Linear Algebra over a Ring/Homomorphism and dual modules

Proposition (multiple of module homomorphism by a ring element over a commutative ring is module homomorphism):

Let ${\displaystyle M,N}$ be modules over the commutative ring ${\displaystyle R}$. Let ${\displaystyle \phi :M\to N}$ be a homomorphism of ${\displaystyle R}$-modules, and let ${\displaystyle r\in R}$. Then the function

${\displaystyle rf:M\to N,(rf)(m):=rf(m)}$

is an ${\displaystyle R}$-module morphism too.

Proof: Let ${\displaystyle s\in R}$ and ${\displaystyle m,n\in M}$. Then ${\displaystyle (rf)(m+n)=(rf)(m)+(rf)(n)}$ and since ${\displaystyle R}$ is commutative, also ${\displaystyle (rf)(sm)=rsf(m)=s(rf)(m)}$. ${\displaystyle \Box }$

{{definition|homomorphism module|Let ${\displaystyle R}$ be a commutative ring

Definition (dual):

Let ${\displaystyle R}$ be a commutative ring, and let ${\displaystyle M}$ be an ${\displaystyle R}$-module. Then ${\displaystyle \operatorname {Hom} _{R}(M,R)}$ has a module structure given by addition and pointwise multipliction (since the category of modules over a ring is additive and the addition that is implied is compatible with pointwise multiplication, under which ${\displaystyle \operatorname {Hom} _{R}(M,R)}$ is closed), and this module, denoted more briefly by ${\displaystyle M^{*}}$, is called the dual of ${\displaystyle M}$.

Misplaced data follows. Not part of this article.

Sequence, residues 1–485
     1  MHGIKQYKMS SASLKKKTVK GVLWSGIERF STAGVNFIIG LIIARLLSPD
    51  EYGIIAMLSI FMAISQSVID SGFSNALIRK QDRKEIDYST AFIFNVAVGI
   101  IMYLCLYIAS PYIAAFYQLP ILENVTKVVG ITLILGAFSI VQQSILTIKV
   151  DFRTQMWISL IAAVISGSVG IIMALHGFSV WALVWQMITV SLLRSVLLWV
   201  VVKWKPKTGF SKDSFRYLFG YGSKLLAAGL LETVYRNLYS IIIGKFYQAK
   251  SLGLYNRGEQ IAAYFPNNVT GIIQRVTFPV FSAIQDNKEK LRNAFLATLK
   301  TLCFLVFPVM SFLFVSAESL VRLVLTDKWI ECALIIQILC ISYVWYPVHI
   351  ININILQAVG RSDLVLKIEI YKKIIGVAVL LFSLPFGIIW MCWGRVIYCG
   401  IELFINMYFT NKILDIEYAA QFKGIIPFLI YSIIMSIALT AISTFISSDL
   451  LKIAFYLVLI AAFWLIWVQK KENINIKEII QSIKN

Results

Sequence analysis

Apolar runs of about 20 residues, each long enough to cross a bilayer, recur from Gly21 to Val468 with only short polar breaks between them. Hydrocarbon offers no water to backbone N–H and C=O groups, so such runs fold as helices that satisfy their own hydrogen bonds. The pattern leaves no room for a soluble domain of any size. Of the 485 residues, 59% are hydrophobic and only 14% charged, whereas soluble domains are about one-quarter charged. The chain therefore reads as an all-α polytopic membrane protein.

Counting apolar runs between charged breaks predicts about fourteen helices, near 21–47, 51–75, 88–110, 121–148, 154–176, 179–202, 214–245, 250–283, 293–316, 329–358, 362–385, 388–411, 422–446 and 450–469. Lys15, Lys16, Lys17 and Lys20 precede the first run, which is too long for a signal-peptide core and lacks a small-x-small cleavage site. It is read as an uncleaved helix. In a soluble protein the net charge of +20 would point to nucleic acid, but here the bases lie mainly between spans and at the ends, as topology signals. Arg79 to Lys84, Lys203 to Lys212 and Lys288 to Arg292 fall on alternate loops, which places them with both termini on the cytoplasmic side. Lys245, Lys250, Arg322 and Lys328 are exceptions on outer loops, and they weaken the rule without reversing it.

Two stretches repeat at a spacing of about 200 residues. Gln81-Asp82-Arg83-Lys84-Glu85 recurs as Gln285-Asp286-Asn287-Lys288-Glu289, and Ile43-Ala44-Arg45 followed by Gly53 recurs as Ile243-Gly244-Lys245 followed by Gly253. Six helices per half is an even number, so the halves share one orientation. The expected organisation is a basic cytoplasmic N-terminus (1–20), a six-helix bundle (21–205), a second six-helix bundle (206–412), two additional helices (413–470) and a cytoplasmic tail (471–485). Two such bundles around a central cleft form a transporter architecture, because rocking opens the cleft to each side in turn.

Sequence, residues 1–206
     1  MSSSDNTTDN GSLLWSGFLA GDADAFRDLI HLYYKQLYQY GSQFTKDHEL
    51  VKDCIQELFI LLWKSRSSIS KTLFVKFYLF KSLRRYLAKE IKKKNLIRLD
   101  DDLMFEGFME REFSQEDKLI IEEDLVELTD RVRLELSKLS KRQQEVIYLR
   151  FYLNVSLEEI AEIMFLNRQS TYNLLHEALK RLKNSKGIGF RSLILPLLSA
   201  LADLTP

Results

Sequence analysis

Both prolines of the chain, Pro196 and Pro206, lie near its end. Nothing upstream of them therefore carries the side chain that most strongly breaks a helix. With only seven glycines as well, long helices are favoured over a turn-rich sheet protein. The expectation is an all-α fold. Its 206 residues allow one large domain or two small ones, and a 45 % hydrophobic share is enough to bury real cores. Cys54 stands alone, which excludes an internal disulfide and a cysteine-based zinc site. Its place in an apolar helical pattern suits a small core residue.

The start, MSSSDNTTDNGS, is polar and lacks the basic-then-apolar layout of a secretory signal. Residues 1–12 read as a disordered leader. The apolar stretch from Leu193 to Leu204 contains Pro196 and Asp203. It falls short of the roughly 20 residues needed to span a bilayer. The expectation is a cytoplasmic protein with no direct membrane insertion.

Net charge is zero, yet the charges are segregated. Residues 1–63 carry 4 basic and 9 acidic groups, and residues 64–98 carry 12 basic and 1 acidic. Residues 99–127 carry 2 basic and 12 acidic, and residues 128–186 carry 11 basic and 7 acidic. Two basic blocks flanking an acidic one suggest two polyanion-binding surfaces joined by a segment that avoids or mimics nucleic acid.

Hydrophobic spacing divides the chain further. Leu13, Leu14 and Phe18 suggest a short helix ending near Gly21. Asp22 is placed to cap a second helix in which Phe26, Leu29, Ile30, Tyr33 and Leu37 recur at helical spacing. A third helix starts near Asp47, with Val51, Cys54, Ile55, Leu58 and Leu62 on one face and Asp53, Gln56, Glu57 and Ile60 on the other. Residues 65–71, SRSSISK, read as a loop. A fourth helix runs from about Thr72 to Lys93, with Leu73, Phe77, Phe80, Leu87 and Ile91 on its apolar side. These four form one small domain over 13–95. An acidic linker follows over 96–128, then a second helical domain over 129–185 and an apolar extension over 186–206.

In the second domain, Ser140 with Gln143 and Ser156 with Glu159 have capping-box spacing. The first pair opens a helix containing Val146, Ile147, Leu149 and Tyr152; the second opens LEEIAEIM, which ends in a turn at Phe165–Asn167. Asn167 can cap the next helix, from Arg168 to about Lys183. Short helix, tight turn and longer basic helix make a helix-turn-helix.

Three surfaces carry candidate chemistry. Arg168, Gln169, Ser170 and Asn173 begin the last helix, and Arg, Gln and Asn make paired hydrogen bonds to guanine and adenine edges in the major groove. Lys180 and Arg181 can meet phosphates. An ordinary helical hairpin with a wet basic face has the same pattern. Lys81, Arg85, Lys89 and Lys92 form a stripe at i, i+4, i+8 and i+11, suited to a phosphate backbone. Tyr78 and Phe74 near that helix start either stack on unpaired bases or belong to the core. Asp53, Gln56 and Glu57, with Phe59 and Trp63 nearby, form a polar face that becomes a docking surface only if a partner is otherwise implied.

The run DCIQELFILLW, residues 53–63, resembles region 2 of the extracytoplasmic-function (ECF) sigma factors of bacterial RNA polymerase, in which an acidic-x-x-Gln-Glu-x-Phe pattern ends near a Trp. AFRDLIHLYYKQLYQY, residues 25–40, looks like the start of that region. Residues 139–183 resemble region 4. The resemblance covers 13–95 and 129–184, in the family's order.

Proposition (the category of modules is abelian):

Let ${\displaystyle R}$ be a ring. Then the category ${\displaystyle R-{\textbf {Mod}}}$ of left ${\displaystyle R}$-modules is abelian. Also, the category ${\displaystyle {\textbf {Mod}}-R}$ of right ${\displaystyle R}$-modules is abelian.

Proof: Existence of kernels and cokernels has been dealt with, and the same holds for existence of binary biproducts, since then product and sum coincide in this category. Also, the Noether isomorphism theorem holds. Then, the category is additive. Indeed, the summation on the homomorphism group indicated above is precisely the addition in the categorical sense. ${\displaystyle \Box }$